The Academic Staff Union of Universities (ASUU) Tuesday described the Minister of State for Education, Chukwuemeka Nwajiuba’s assertion that striking lecturers should consider farming as an alternative profession, as a reflection of his shallow understanding of the academic profession and a reflection of the low premium that the government he is serving placed on education.
While participating on a television program, Nwajiuba had suggested farming to the striking lecturers, who have said they will not return to the classrooms on October 12, as directed by the Federal Government, saying they cannot dictate how they should be paid to their employers.
But reacting to his comment, ASUU Chairman of the University of Ibadan chapter, Professor Ayo Akinwole, while addressing journalists in Ibadan, said the Minister of State has “displayed his naivety on educational matters”.
According to Akinwole, the scarcity of farmers is a reflection of the failure of the government he is part of to make farming secured for legitimate farmers, while asking the minister to resign his appointment and take to farming as a worthy national service instead of pursuing a selfish agenda.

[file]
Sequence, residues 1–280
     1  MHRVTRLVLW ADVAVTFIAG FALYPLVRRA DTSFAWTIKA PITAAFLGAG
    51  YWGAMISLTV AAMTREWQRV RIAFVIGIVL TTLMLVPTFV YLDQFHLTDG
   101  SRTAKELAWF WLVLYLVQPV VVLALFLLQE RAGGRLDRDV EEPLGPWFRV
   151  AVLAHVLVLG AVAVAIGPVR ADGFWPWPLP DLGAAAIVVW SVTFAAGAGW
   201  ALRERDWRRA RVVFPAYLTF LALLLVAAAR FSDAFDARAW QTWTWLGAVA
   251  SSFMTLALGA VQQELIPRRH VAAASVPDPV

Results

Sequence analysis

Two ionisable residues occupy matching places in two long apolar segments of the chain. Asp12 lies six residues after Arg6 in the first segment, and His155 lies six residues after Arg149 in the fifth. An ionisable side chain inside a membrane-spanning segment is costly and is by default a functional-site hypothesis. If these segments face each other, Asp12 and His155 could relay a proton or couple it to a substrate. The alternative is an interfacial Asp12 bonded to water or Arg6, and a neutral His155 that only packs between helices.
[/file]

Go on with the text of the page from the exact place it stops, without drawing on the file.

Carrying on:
He said the Union remained resolute not to pursue only welfare of her members while downplaying the infrastructure collapse and underfunding of public universities, but decided to continue to fight parasites like Nwajiuba who preside over a ministry where no Nigerian university is in the top 100 in the world.
Akinwole stated that if the Muhammadu Buhari government was not paying lip service to education, he would not have consistently reduced budgetary allocation and funding to education since assumption of office, while lamenting that public varsity lecturers were being owed earned academic allowances from 2013 to date.
He challenged the Minister of State for Education to declare if he has been owed allowances and how much since he assumed office, stressing that available statistics showed that “salaries of university lecturers is below what is paid to academics in polytechnics and colleges of education”.